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How to Stop Teen Body-Shaming

Last Updated: February 2021

As much as we like to think it doesn’t matter how others feel about us, the truth is that what others say and think can be very impactful on our mental health – especially for teenagers.

More than other age groups, teens are often inclined to believe what other people think about them.

Combined with unrealistic cultural norms, fashion trends and social media feeds, the body-shaming that many teens endure can lead to severe emotional trauma and even cause depression and other serious mental health disorders.

Learn more about body-shaming, how body-shaming harms teenagers, and what you can do if your teen is experiencing body-shaming.

What Is Body-Shaming? 

Body-shaming occurs when one is making fun of, or mocking, someone’s physical appearance. It can also take place when one is criticizing their own appearance.

It’s more than just pictures or words. It is commonplace and harmful to many teenagers.

Whether it is done in-person or online, body-shaming can take place through photos and videos or spoken words. When body-shaming is done online, it is called cyberbullying, and given the 24-hour access that most teens have to the internet, it can be especially harmful.

The Harmful Effects of Teen Body-Shaming

Body-shaming can propagate low self-esteem which can lead to a myriad of mental health issues in teens. Low self-esteem has been linked to:

  • Body dysmorphic disorder
  • Depression
  • Other eating disorders
  • Social isolation

As well as many other conditions that can be incredibly dangerous to your child’s mental and physical health and require medical or therapeutic intervention.

How to Stop Body-Shaming in Teenagers

If you are concerned about your child or a teen in your life who is being body-shamed, consider these four steps that you can take to combat its harmful effects:

1. Be a truth-teller.

Don’t be hesitant to tell your child what you love about them. Focus on their character and personality more than their looks to help them overcome low self-esteem.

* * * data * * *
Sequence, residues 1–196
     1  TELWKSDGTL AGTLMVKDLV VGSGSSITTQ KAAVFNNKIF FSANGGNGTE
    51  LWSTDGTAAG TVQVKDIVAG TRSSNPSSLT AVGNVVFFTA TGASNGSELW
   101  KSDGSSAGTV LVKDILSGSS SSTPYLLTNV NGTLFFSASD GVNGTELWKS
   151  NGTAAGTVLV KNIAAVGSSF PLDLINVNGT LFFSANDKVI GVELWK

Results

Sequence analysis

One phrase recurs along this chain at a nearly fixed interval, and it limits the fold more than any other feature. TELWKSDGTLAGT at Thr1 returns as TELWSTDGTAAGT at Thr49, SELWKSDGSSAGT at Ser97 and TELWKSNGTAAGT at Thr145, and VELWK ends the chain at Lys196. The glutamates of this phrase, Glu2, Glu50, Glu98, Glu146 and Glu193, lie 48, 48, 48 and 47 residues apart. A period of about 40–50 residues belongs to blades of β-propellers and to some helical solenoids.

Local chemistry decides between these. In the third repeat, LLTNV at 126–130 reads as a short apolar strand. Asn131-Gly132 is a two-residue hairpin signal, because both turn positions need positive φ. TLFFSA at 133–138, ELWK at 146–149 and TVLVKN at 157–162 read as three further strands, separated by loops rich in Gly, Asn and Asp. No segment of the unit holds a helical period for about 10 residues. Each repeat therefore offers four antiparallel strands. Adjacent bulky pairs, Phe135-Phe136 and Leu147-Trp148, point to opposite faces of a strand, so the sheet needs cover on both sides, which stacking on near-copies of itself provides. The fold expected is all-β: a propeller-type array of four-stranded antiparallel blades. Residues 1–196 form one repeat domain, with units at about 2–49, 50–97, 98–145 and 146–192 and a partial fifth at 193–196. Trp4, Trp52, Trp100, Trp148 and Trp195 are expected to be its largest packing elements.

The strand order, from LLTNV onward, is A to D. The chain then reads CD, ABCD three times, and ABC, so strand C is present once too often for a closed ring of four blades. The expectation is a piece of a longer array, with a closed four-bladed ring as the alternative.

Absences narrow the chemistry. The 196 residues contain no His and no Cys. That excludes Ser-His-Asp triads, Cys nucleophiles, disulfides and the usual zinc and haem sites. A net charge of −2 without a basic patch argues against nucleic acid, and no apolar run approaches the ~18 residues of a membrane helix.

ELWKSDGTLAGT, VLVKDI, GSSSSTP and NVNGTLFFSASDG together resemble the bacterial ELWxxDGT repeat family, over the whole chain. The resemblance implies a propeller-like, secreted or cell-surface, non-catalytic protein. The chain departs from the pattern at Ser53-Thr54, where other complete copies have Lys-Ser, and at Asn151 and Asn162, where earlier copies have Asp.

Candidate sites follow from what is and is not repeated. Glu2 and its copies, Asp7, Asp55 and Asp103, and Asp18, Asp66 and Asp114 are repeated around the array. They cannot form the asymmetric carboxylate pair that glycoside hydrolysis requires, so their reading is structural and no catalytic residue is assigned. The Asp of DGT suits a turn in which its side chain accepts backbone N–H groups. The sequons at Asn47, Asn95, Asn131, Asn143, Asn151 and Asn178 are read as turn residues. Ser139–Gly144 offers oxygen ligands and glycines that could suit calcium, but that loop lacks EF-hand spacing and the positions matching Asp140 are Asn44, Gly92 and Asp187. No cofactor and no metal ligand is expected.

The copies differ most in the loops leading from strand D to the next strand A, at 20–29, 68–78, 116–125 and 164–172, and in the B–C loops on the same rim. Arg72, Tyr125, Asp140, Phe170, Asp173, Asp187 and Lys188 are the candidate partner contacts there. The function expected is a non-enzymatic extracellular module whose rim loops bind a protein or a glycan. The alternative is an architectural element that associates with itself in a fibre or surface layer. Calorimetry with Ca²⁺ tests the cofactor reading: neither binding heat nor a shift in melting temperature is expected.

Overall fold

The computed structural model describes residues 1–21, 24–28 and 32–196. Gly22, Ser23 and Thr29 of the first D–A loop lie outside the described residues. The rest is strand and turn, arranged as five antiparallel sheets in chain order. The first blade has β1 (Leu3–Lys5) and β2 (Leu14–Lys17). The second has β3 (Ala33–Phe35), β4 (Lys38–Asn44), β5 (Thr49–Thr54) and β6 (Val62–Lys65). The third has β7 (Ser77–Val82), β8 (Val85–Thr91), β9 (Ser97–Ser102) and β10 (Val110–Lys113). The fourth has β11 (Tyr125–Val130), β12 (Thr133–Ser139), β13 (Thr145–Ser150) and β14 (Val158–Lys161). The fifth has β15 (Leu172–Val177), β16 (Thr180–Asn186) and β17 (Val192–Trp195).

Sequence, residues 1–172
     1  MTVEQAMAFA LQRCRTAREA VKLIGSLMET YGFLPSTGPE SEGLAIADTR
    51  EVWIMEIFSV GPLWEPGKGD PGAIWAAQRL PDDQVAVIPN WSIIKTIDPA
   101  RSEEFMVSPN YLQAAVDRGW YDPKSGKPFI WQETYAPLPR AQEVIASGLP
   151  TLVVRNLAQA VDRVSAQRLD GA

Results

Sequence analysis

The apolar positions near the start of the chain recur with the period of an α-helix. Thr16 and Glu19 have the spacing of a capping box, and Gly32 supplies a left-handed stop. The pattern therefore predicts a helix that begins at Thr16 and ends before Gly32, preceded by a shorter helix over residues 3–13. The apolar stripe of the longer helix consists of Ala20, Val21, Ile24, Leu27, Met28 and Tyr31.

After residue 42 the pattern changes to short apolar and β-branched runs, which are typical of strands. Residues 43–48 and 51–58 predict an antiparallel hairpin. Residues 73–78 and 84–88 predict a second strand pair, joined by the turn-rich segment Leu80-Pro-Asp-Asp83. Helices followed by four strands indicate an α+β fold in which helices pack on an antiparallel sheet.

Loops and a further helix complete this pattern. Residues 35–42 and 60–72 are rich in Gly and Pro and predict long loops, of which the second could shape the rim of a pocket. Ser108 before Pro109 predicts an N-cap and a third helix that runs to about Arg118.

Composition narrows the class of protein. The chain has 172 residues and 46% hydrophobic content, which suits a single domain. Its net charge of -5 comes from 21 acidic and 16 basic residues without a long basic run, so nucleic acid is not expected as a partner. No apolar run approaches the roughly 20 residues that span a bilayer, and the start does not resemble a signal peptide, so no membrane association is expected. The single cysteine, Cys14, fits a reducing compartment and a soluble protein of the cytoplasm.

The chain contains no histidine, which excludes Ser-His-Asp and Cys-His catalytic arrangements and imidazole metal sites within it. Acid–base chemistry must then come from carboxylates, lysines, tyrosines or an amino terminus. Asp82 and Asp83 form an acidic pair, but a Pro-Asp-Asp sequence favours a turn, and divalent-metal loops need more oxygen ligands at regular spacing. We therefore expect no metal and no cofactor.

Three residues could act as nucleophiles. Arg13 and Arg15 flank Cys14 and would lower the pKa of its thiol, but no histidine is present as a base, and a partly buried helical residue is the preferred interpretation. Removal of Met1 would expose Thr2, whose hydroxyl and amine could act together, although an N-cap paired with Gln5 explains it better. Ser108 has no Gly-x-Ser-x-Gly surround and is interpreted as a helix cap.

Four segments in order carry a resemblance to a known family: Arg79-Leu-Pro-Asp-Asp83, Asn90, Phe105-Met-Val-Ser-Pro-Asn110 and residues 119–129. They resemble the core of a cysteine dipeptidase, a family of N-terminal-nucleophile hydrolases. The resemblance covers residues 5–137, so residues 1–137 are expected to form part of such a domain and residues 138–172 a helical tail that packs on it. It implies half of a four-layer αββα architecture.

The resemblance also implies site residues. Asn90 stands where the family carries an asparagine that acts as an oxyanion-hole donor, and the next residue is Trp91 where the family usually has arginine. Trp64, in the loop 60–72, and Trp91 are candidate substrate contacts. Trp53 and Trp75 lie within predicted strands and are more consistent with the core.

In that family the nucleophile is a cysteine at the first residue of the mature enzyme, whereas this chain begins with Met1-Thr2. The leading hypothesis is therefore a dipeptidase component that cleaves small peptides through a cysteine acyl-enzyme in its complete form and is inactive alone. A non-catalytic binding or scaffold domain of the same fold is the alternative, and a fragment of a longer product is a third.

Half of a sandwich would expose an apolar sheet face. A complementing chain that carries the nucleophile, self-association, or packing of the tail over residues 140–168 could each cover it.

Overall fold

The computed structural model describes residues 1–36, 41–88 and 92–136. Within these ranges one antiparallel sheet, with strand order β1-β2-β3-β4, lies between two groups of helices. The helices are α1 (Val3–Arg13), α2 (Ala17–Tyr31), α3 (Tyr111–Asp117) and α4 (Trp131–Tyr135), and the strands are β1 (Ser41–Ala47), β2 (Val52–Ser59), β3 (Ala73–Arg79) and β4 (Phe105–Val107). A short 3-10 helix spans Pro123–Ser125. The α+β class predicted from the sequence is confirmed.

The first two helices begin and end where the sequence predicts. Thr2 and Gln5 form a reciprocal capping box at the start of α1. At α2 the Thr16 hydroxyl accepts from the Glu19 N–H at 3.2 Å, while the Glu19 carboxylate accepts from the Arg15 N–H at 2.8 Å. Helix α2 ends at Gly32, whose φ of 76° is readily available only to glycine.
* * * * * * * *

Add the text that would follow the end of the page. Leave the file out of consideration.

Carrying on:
2. Differentiate “fit” from “fiction.”

There’s no doubt your teen is being bombarded with photoshopped images telling them what beautiful is. In your home, beauty is determined by you. Focus on fitness and nutrition and healthy habits over superficial looks. It’s a good reminder to the whole family that looks are fading but being healthy has lasting benefits.

3. Lead by example.

If you think your child is being body-shamed, evaluate your own attitude towards your body. Try to stay away from words like “diet” and “skinny.” Focus on health and good nutrition, instead of skipping meals and being self-critical – especially in front of your teen.

4. Recognize the consequences of body drama.

The first step in fighting body-shaming is recognizing its existence and the power it may hold over your teen. One in ten adult women feels good about their body. It’s time to speak out for the sake of our children and address the unrealistic ideals of our culture.

How Teens Can Heal From Body-Shaming

The good news is that your teen can heal from body-shaming. Finding treatment for depression, eating disorders and self-esteem issues can help restore them mentally and physically. There are therapeutic protocols and programs to help them take their life back. They can learn to accept themselves exactly as they are and learn not to compare themselves to unrealistic ideals. 

If you are a witness to body-shaming in-person or online, say something.  If on a social media platform, report it as “inappropriate content.” You can help make a difference in your child’s or other people’s lives, by raising awareness of what body shaming is and how harmful it can be.

There is always hope. Your teen can overcome this and it’s time they know it.

Body shaming is devastating but you can find healing for your child. Learn more by contacting Embark Behavioral Health for support today.

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Embark Behavioral Health

Embark Behavioral Health is a leading network of clinics and programs offering premier mental health treatment for adolescents and young adults. Dedicated to its mission of reversing the trends of adolescent and young adult anxiety, depression, and suicide by 2028, Embark is unlike any other behavioral health organization in the United States. Embark offers a full continuum and spectrum of services, a unique 25-years of specialization, a deep legacy of serving youth, and a set of internationally validated outcomes that drive treatment in real-time. For more information about Embark or its treatment programs, including wilderness therapy, long-term residential treatment centers, short-term residential treatment centers, day treatment, partial hospitalization (PHP) programs, intensive outpatient programs (IOP), outpatient, and virtual counseling visit www.embarkbh.com.